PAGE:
26% annually

The Irish Government has a target of 40% of electricity to be generated from renewable sources by 2020.


EI launches new price plan for electricity users.
Almost as cheap as when incorporating other cashback offers.
A €97 pa standing charge compared to normal rate of €200+
Hopefully it’ll shake up the market
bonkers.ie/blog/gas-electri … customers/


Frickin’ swindle. Electric Ireland made huge fanfare the last couple of years that there was no need to keep switching as they would always offer the same great discounts to existing customers as well as switchers. It seems they lied.


If all the things that got patented actually got built, we’d have flying cars, portable nuclear bunkers, and shoe-powered neck massagers. Not everything that is patented is practical.

Nevertheless, when a scientist applies for a patent on behalf of the US Navy, I sit up and listen. When the patent is for a room-temperature superconductor, it gets quite interesting indeed. Experience suggests that it’ll still probably come to nothing, but obviously the implications for power generation and transmission and a host of other applications are large.


New battery technologies are among the most hyped. Most disappear, never to be heard of again, so take everything with a pinch of salt. This one claims to be going into manufacture immediately, with ten commercial customers this year, two hundred units to be built next year, and licenses to manufacture in Europe issued.

It’s for stationary power, not automotive, intended for short term (< 48 hours) grid storage. It’s based on thermal energy storage using molten silicon. Claimed advantages are:

  • more than a dozen times the volumetric energy density of lead acid, and six times that of L-ion
  • cheaper than L-ion (60-80% of the price)
  • scalable from kilowatts to hundreds of megawatts – just add more units
  • storage from hours to a couple of days
  • can be charged and discharged at the same time
  • expected life of 20 years – not limited by number of charge-discharge cycles
  • very low maintenance – three moving parts per unit

What’s not clear is the efficiency. The article refers to a “heat engine” for extracting stored energy, and the manufacturer’s site mentions a “thermic generator”. The compactness and low number of moving parts would seem to preclude a steam turbine, but solid state thermoelectric generators have efficiencies under 10%. The other things not mentioned is how quickly it can be brought online, and whether it is therefore a suitable standby for despatchable power.

Could be an interesting one to watch. Tesla has already demonstrated that you don’t need huge amounts of grid storage to offset a huge amount of the cost of peaking power and load smoothing.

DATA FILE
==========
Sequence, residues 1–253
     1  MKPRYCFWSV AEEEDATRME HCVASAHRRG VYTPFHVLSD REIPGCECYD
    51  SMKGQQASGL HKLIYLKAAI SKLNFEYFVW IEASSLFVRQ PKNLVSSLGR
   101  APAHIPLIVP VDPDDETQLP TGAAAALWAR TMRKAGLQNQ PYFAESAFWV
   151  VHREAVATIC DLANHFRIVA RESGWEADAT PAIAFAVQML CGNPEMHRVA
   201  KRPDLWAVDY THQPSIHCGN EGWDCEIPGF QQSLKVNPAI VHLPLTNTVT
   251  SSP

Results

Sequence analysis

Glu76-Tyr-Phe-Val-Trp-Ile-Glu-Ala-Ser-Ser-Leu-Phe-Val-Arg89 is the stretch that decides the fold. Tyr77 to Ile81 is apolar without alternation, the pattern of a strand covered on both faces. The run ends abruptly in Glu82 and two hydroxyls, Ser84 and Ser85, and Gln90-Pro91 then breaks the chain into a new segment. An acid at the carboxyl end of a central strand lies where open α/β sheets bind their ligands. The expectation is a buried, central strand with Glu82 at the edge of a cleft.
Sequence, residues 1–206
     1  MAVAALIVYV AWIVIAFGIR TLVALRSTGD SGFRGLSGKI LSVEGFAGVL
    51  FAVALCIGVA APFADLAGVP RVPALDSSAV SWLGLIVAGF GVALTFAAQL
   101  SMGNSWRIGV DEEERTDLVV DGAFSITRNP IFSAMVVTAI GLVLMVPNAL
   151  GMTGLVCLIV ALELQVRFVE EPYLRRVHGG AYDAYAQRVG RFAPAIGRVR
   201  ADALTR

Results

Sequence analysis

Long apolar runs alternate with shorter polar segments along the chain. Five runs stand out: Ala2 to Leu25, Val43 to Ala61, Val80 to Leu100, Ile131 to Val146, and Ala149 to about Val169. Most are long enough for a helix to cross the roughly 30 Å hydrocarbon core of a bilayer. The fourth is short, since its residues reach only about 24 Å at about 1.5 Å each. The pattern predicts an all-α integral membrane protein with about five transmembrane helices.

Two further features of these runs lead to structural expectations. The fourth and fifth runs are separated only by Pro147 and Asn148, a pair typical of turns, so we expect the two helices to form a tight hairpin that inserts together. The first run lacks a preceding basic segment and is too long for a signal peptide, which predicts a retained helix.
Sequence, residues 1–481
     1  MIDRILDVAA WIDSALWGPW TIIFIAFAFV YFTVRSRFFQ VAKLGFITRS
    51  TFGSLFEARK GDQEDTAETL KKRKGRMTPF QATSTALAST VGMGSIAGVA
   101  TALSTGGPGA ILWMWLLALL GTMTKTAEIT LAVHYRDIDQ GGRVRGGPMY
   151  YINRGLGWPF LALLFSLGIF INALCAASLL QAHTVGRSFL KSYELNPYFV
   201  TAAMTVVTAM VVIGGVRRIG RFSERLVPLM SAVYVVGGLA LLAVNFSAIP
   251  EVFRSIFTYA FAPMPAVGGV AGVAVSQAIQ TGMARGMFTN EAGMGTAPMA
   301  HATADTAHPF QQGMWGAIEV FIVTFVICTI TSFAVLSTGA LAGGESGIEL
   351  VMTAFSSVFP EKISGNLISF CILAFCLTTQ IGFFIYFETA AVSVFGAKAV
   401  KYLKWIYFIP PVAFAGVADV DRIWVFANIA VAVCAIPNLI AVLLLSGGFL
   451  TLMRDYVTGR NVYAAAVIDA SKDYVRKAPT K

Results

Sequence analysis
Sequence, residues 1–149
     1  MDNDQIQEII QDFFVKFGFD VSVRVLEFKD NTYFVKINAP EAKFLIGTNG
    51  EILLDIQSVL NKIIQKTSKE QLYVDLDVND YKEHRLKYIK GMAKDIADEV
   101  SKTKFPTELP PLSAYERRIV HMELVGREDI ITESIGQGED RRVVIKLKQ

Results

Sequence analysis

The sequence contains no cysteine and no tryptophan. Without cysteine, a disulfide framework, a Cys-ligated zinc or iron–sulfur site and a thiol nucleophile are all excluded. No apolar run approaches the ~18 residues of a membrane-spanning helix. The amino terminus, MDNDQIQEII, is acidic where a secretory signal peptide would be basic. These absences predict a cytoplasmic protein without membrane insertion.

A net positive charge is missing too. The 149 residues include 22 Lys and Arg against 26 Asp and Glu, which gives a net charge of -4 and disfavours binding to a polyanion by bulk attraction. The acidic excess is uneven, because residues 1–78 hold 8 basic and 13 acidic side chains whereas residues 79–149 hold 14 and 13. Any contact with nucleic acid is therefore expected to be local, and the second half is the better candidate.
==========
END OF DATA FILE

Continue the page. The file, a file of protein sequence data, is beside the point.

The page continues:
Chalk this one up to YAFA … Yet Another Fusion Approach. Nevertheless, the guy behind this venture is not to be trifled with. Heinrich Hora is a leading light in plasma physics, having discovered among other things an effect of laser-plasma coupling that could be used to compress plasmas to fusion conditions.

The Holy Grail is to use it to achieve proton-boron (a.k.a. hydrogen-boron, p-B11, or HB11) fusion. This reaction produces no neutrons, just three charged alpha particles (Helium nuclei) which can be used to generate electricity directly, with no thermal exchanger or steam turbine. The fusion reaction produces an excited state of carbon, which then fissions in the reverse of the triple-alpha process that powers red giant stars. The net result is three alphas plus nine million electron volts.

p-B11 fusion has been known about for decades. It is Hora’s coupling effect and advances in pulsed petawatt lasers that could turn it into reality. He claims that non-linear effects occur under the right conditions to boost the reaction by nine orders of magnitude. ScienceDaily article here, paper here, and new HB11 company website here… though they do mention the dreaded “5 to 10 years of research”.


Zeta Energy’s new battery is a quantum leap in lithium battery technology. I hesitate to say “game-changer” as we know nothing about the eventual large-scale manufacturing process. That could be fraught since the anode contains graphene and carbon nanotubes. But the results of the work so far are peer reviewed and have appeared in journals like Nature, among others. And it looks amazing. A charged Zeta battery will allegedly retain 90% of its charge after ten years! In addition it has:

  • Up to 3 times the energy storage capacity of lithium-ion batteries
  • Faster charge time (minutes instead of hours)
  • Lower battery temperature
  • Little degradation over charge/recharge cycles
  • Outstanding shelf life
  • Significantly lighter than lithium-ion batteries
  • Zero cobalt
  • Significantly lower cost than lithium-ion batteries